Strategic Goal 8: Economic Prosperity and Security - Performance Results for Performance Goal 3

FY 2003 Performance and Accountability Report
Bureau of Resource Management
December 2003
Report

PERFORMANCE GOAL 3

Secure and stable financial and energy markets

 

I/P #3: SECURE ENERGY SUPPLIES

Prevent sudden disruptions in the oil market from damaging the world economy by ensuring that the U.S. and other nations maintain their own Strategic Petroleum Reserves.

OUTPUT INDICATOR

Indicator #1: World Emergency Oil Stocks

FY Results History 2000 Baseline: International Energy Agency (IEA) stock level was 111 days of net oil imports.
2001 IEA stock level was 112 days of net oil imports.
2002
  1. Higher stock levels in the United States, Japan, and South Korea (a new IEA member).
  2. Increased overall IEA stocks to 114 days of net oil imports as of December 21, 2002.
  3. China (a non-IEA member) actively engaged with the IEA, APEC, and the United States to create emergency oil stock reserves and has formulated a plan for holding significant stocks.
FY 2003
Data
2003 Results As of July 1, 2003, emergency reserves of IEA members stood at 116 days of net import coverage. Final data will not be available until sometime in FY 2004.
Target Increase IEA and non-IEA emergency oil stocks above FY 2002 stock levels.
Rating On Target
Impact Higher levels of emergency reserves increase the flexibility of the United States and other petroleum importers to respond to disruptions in supply. Discussions continue with non-IEA members, including India and China -- bilaterally and through APEC and the IEA -- on establishing and filling their own strategic petroleum reserves.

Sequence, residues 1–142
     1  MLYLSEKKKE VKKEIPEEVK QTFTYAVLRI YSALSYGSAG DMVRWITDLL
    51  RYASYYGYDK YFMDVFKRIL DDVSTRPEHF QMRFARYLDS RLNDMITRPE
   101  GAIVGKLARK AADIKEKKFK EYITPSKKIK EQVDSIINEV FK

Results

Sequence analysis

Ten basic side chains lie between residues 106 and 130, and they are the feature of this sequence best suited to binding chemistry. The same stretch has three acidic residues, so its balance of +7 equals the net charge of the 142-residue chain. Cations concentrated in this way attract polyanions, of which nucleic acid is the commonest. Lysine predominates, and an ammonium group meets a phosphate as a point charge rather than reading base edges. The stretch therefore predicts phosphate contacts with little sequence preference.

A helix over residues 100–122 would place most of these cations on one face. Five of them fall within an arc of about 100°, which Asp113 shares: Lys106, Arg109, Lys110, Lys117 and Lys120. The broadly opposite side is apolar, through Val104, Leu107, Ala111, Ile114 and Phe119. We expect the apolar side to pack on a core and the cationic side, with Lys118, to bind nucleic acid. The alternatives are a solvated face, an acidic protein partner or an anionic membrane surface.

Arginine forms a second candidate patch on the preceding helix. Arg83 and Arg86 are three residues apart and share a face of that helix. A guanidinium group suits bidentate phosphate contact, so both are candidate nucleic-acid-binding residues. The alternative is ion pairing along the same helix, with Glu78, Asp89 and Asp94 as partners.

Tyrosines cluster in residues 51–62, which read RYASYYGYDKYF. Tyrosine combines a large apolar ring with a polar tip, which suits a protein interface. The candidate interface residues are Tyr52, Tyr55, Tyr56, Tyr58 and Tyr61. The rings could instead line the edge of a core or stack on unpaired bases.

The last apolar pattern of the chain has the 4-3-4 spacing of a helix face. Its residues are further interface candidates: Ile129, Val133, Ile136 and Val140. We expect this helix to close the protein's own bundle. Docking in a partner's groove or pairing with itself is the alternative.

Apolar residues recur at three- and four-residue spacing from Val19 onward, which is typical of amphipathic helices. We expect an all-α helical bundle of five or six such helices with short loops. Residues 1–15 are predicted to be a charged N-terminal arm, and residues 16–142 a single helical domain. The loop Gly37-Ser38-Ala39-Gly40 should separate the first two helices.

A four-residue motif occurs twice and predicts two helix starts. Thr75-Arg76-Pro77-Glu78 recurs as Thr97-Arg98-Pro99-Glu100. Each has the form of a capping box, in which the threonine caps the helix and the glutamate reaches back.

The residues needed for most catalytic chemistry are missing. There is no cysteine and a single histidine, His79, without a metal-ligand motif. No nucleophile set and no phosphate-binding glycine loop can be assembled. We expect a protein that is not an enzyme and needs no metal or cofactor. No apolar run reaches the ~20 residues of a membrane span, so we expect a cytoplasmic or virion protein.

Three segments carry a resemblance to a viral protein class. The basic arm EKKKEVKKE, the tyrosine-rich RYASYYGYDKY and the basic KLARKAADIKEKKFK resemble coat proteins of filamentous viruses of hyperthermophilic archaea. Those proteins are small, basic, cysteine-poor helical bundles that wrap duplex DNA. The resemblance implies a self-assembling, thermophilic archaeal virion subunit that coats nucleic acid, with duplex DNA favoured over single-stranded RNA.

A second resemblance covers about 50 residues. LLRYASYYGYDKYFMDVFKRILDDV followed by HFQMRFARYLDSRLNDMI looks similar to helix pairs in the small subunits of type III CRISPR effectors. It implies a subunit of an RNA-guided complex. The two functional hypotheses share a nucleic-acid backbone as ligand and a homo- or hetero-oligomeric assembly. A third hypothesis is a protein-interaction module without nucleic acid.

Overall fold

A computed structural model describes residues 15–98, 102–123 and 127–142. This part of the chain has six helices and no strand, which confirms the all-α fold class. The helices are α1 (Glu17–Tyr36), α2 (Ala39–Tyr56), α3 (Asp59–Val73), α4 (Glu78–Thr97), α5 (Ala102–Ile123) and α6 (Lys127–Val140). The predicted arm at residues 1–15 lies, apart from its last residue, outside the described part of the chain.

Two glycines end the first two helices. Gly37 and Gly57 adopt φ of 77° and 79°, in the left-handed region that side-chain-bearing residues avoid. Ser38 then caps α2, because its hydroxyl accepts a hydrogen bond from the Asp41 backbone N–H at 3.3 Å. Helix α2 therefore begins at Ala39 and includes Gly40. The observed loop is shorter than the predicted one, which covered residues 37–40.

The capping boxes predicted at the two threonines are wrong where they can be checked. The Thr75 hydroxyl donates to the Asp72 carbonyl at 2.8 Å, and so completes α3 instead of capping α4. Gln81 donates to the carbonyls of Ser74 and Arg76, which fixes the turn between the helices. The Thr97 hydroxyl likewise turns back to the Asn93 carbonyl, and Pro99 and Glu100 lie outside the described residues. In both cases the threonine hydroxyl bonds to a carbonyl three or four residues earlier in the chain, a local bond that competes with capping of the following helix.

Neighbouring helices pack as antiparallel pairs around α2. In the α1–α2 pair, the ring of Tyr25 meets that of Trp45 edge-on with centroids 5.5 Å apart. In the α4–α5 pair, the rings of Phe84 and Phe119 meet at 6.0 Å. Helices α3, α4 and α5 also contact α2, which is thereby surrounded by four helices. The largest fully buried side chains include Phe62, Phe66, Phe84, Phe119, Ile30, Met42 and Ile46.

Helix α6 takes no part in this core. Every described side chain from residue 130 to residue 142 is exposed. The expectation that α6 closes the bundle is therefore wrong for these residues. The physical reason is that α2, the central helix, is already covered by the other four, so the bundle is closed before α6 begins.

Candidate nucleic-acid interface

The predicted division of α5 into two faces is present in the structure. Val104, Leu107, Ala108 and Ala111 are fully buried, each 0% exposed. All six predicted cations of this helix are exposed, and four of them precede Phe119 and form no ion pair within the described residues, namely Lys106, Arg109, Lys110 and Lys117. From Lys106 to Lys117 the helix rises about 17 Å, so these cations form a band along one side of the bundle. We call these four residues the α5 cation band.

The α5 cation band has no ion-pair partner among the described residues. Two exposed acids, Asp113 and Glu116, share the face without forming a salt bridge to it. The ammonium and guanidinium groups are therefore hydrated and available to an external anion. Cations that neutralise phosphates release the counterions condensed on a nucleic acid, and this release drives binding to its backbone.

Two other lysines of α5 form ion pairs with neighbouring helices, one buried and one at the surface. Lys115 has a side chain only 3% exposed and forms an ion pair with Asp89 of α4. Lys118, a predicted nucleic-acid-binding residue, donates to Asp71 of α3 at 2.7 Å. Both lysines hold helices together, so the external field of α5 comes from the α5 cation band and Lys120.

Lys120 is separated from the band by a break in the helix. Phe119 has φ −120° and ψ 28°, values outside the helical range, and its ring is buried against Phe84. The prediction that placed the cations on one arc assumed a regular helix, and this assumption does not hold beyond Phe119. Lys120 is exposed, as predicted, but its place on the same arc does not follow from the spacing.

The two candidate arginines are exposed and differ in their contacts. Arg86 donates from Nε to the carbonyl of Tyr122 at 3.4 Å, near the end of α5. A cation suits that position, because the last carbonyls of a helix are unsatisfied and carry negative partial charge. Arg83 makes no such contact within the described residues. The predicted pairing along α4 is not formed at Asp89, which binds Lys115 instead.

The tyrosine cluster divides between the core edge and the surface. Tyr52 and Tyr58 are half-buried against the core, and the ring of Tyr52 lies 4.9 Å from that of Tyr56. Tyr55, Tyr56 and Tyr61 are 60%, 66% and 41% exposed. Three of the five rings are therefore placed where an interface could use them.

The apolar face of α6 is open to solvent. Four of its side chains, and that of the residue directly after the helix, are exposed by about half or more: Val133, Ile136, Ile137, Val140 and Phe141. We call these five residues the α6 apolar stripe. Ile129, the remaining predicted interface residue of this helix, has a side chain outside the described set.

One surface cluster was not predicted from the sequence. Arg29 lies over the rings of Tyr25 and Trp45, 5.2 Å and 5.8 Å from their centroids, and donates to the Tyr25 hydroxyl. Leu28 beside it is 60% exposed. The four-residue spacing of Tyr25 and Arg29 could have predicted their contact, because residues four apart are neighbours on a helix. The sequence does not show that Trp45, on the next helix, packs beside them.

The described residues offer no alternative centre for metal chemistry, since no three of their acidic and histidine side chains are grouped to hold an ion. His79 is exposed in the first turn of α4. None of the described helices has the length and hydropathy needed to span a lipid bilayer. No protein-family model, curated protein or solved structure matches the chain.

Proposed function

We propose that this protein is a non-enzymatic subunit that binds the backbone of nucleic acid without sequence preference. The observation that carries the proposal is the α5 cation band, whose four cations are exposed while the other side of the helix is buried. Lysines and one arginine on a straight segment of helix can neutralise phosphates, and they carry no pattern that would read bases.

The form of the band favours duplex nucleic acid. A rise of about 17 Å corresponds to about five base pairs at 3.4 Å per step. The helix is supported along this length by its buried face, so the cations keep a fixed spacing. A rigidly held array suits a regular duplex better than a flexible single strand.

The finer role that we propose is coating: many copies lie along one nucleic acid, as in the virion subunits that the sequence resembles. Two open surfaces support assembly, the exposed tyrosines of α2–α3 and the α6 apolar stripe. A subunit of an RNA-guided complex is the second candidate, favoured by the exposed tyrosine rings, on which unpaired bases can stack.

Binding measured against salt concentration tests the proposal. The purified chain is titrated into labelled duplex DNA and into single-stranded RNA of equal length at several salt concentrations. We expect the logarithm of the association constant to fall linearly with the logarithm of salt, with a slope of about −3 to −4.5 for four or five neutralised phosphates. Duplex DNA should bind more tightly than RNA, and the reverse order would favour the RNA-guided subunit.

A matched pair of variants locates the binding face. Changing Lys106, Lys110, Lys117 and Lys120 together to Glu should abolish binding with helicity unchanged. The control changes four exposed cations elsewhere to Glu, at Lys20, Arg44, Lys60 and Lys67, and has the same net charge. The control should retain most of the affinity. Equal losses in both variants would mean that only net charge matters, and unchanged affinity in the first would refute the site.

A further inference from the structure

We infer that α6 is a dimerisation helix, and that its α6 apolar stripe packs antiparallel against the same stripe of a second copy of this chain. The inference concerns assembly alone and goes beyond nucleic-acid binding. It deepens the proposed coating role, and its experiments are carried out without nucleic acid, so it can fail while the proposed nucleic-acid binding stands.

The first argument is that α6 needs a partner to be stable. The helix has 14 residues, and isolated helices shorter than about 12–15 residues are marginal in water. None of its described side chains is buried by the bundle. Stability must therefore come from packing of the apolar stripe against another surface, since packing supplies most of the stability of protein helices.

I/P #4: STABLE FINANCIAL MARKETS

Prevent financial disruptions from undermining the economic stability of global markets.

OUTCOME INDICATOR

Indicator #2: Percentage of Debt Crisis Countries on IMF Programs Successfully Reform

FY Results History 2000 Baseline: 61%
2001 57%
2002 63%
FY 2003
Data
2003 Results 70%
Target 60%
Rating Above Target
Impact

Successful reforms instituted under IMF programs reduce the risk of future systemic failure in government fiscal and monetary policies, enable debt-burdened countries to return to growth and devote more resources to social needs, and increase likelihood that countries can meet remaining financial obligations.

In FY 2003, the Department,

  • Devised debt strategies on Iraq and Afghanistan;
  • Fulfilled the President's commitment to provide $1B in debt relief to Pakistan;
  • Through the Paris Club, provided $881M ($40M from U.S.) in debt relief to Benin, Ecuador, Mali, and Nicaragua;
  • Helped push IMF and Argentina to agree on a program.